On timing accuracy in observing radio impulses associated with Extensive Air Showers
A. Lecacheux*, D. Charrier, R. Dallier, A. Escudie, D. García-Fernández, L. Martin and B. Revenu
August 16, 2017
August 03, 2018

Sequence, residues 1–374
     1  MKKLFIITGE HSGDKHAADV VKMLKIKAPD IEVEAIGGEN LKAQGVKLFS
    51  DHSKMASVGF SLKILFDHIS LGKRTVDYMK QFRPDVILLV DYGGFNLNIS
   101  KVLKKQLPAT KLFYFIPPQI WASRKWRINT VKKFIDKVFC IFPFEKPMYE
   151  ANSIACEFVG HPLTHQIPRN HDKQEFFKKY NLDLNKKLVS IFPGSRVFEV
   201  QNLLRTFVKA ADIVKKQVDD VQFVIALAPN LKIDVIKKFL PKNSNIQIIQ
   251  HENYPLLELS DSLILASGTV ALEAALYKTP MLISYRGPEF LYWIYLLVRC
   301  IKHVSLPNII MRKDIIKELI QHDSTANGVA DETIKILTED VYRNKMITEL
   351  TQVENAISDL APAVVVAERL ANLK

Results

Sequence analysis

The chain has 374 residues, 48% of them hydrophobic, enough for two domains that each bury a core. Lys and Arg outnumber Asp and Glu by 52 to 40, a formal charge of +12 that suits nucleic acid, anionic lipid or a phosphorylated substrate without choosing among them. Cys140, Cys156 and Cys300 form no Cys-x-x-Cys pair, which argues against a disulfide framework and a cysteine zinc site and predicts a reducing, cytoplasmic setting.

A large subset of EAS radio observations by CODALEMA experiment in Nançay was used to measure the departure from a plane of the signal arrival times to the antennas. The study was done at two different scales in terms of range to the EAS axis. Below about 300m, by using a 10 antennas array triggered by neighbouring surface detectors, the average departure was found to be negligible (i.e. lower than the measurement incertitude of about 2-3 ns), leading to an equivalent "wave front curvature" radius larger than 30 km. Above the 300m range, and within the first kilometre, an extended array of several tens of self-triggered antennas was used. The measurements suggest the existence of significant time departures (of order 10 ns at 1 km range), which corresponds to an apparent curvature radius much larger than the atmosphere thickness. The main limitation of the method, in addition to the inferior time precision due to self-triggering, was the lack of accurate knowledge of corresponding EAS core locations, especially when those cores are located well outside the surface detector extent.
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